Thousands of people gathered in a field near the small town of Shanksville, Pennsylvania to honor those who died one year ago when their hijacked airliner crashed after passengers confronted the hijackers.
In an emotional ceremony on a windy hillside, the 35 passengers and five crew members of United Airlines Flight 93 were praised as patriots and heroes.
National Homeland Security Director Tom Ridge was among the speakers honoring the courage and character of the 40 people who took on the hijackers. "Faced with the most frightening circumstances one could possibly imagine, they met the challenge like citizen soldiers, like Americans," he said. United Flight 93 was heading from Newark, New Jersey, to San Francisco, California, last September 11, when hijackers commandeered the aircraft and diverted it toward Washington. It is believed they intended to crash the plane into a national landmark.
Passengers and crew who had heard about the day's attacks on New York's World Trade Center worked together to rush the cockpit. The plane crashed in this field, killing all aboard, but possibly saving numerous lives on the ground.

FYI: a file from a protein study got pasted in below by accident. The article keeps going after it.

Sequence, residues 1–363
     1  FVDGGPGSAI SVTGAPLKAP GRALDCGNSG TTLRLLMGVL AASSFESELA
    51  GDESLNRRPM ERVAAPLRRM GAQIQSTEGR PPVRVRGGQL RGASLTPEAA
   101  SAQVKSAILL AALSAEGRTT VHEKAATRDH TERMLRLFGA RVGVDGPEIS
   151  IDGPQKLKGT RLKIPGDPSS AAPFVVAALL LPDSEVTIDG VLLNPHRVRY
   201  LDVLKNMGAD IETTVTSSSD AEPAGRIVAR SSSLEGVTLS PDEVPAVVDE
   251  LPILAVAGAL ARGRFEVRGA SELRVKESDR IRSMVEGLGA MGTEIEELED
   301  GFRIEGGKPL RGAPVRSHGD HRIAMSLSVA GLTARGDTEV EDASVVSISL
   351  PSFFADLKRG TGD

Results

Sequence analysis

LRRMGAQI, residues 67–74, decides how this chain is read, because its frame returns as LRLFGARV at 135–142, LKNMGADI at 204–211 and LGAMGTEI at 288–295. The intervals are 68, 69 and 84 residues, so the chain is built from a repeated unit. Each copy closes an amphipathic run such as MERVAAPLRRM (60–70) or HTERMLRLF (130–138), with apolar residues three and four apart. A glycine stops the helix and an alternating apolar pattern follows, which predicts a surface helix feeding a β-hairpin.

Mr. Ridge said the unarmed passengers and crew of flight 93 stepped forward when their country needed them. "We do not know how long it will take to defeat the scourge of terrorism, or how many Americans will give their lives for the cause," he said, "but we do know one thing with absolute certainty. The passengers and crew of flight 93 won the first battle."
Some of the family members of those aboard flight 93 spoke at Wednesday's memorial service, titled "A Time for Honor and Hope." Sandy Dahl, the widow of pilot Jason Dahl, told the crowd that adversity does not build character, adversity reveals character; and 11-year-old Murial Borza, the sister of passenger Deora Bodley, called for a moment of silence for worldwide peace.
Later, four U.S. military jets flew overhead in the "missing man" formation. The names of those aboard Flight 93 were read, as a bell tolled 40 times. And 40 white doves were released, in a symbol of peace.
Some time after the ceremony, President Bush came to Shanksville to lay a wreath in a private ceremony at the crash site.